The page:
Push for new UK nuclear plants lacks facility for toxic waste, say experts
UK only in early stages of finding permanent site for underground storage of hazardous spent fuel.
As Boris Johnson prepares a new push for nuclear power, the £131bn problem of how to safely dispose of vast volumes of radioactive waste created by the last British atomic energy programme remains unsolved.
The hugely expensive and dangerous legacy of the UK’s 20th-century nuclear revolution amounts to 700,000 cubic metres of toxic waste – roughly the volume of 6,000 doubledecker buses. Much of it is stored at Sellafield in Cumbria, which the Office for Nuclear Regulation says is one of the most complex and hazardous nuclear sites in the world.
As yet, there is nowhere to safely and permanently deposit this waste. Nearly 50 years ago the solution of a deep geological disposal facility (GDF) was put forward, but decades later the UK is no nearer to building one.
Experts say new nuclear facilities will only add to the problem of what to do with radioactive waste from nuclear energy and that the “back end” issue of the hazardous toxic waste from the technology must not be hidden. An assessment by the Nuclear Decommissioning Authority (NDA) says spent fuel from new nuclear reactors will be of such high temperatures it would need to stay on site for 140 years before it could be removed to a GDF, if one is ever built in the UK.
The prime minister’s nuclear ambition, it is understood, rests with even more modern nuclear reactors, known as advanced modular reactors. But nuclear waste experts say no one knows how to deal with the waste from such reactors, because they are such a new technology.
“It is essential to talk about the back end of the nuclear fuel cycle when you are considering building new nuclear power stations,” said Claire Corkhill, a professor of nuclear material degradation at the University of Sheffield and a member of the Committee on Radioactive Waste Management, an independent body that advises the government. “Whilst we have a plan to finally and safely deal with the waste, it is less certain how this will be applied to the modern nuclear reactors that the government are planning to roll out.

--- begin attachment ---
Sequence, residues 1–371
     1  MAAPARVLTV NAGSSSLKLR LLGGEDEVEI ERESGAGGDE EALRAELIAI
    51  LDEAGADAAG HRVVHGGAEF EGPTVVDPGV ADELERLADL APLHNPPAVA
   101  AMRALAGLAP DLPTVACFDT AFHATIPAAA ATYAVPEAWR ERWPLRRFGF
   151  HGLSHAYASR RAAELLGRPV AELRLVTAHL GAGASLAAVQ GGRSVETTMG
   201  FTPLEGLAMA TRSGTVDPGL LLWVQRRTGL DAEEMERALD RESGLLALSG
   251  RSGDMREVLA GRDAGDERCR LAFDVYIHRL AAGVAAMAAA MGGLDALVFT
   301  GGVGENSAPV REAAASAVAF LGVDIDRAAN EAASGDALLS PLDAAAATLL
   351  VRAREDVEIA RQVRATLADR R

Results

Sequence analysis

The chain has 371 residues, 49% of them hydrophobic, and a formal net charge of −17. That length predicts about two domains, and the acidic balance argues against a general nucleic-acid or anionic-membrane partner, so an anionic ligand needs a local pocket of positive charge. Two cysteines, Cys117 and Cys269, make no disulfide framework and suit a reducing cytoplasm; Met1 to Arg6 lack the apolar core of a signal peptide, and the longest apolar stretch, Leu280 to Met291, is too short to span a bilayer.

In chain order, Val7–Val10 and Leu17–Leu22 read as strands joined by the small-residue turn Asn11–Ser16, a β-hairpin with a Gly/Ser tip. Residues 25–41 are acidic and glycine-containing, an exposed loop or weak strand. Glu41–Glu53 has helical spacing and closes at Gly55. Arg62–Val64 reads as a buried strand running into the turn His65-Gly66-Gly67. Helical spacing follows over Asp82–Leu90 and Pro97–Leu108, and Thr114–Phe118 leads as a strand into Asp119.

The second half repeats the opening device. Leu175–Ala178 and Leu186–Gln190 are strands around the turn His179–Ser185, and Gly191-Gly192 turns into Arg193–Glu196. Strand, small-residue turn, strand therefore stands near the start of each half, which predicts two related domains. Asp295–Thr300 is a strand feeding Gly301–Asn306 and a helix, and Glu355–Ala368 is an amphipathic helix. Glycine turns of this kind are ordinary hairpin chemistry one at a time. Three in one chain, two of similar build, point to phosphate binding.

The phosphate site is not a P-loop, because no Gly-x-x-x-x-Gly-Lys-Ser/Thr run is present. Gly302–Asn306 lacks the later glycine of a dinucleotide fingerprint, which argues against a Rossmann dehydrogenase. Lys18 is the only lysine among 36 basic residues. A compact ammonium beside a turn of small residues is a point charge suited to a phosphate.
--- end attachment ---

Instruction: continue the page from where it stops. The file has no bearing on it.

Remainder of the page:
“These are completely different to previous reactors and we are at a very early stage of understanding how to deal with the waste. In my personal view, I do not think we should be building any new nuclear reactors until we have a geological disposal facility available.”
The cost of decommissioning and disposing of the radioactive waste from nuclear power stations built in the 1950s, 1970s and 1990s has risen to £131bn, according to the latest NDA annual report.
This is likely to rise further as the costs of building a deep geological disposal site rise to up to £53bn. Attempts to build an underground dump for nuclear waste have so far failed. Nine years ago an attempt to site one in Cumbria was rejected.
A new attempt to find a site is in its early stages. Three sites in Cumbria and one in Lincolnshire are being examined. If it goes ahead, it could be years before building starts, and the GDF would only be available to receive waste from the late 2040s.
“The amount of legacy waste is not small in terms of nuclear waste,” said Corkhill. “It is expensive to deal with. These materials are hazardous and we are looking at an underground footprint of some 20km at a depth of 200 metres to 1,000 metres. So regarding new nuclear sites, we need to think about whether it is possible to build a GDF big enough for all the legacy waste and the new nuclear waste.”
The power stations that need decommissioning include 11 Magnox power stations built between the 1950s and 1970s, including Dungeness A in Kent, Hinkley Point A in Somerset and Trawsfynydd in north Wales, and seven advanced gas-cooled reactors built in the 1990s, including Dungeness B, which closed last year, Hinkley Point B and Heysham 1 and 2 in Lancashire.
Waste from more recent nuclear facilities including Sizewell B, a pressurised water reactor in Suffolk, and two new EDF pressurised water reactors – Hinkley C, which is under construction in Somerset, and Sizewell C, which is planned for construction in Suffolk – will also need to be deposited in a GDF.
It is likely to take until 2150 to deposit the legacy waste into a GDF, if one is built. Only then would a GDF be able to take waste from new nuclear reactors.
Steve Thomas, a professor of energy policy at the University of Greenwich, said: “Despite 65 years of using nuclear power in Britain, we are still, at best, decades away from having facilities to safely dispose of the waste. Until we know this can be done, it is premature to embark on a major new programme of nuclear power plants.”
NDA documents show that as of 2019, the volume of nuclear waste that needs to be permanently disposed of in a deep GDF is 773,000 cubic metres. Of that waste, 10% is from new nuclear facilities, while the rest is legacy waste.
A government spokesperson said: “This is not an either/or situation. As the prime minister has said, nuclear will be a key part of our upcoming energy security strategy alongside renewables. We are committed to scaling up our nuclear electricity generation capacity, and building more nuclear power here in the UK, as seen through the construction of Hinkley Point C – the first new nuclear power station in a generation.
“Alongside this we’re developing a GDF to support the decommissioning of the UK’s older nuclear facilities.”
Author: Sandra Laville
Photograph: EDF/CGN/Hinkley Point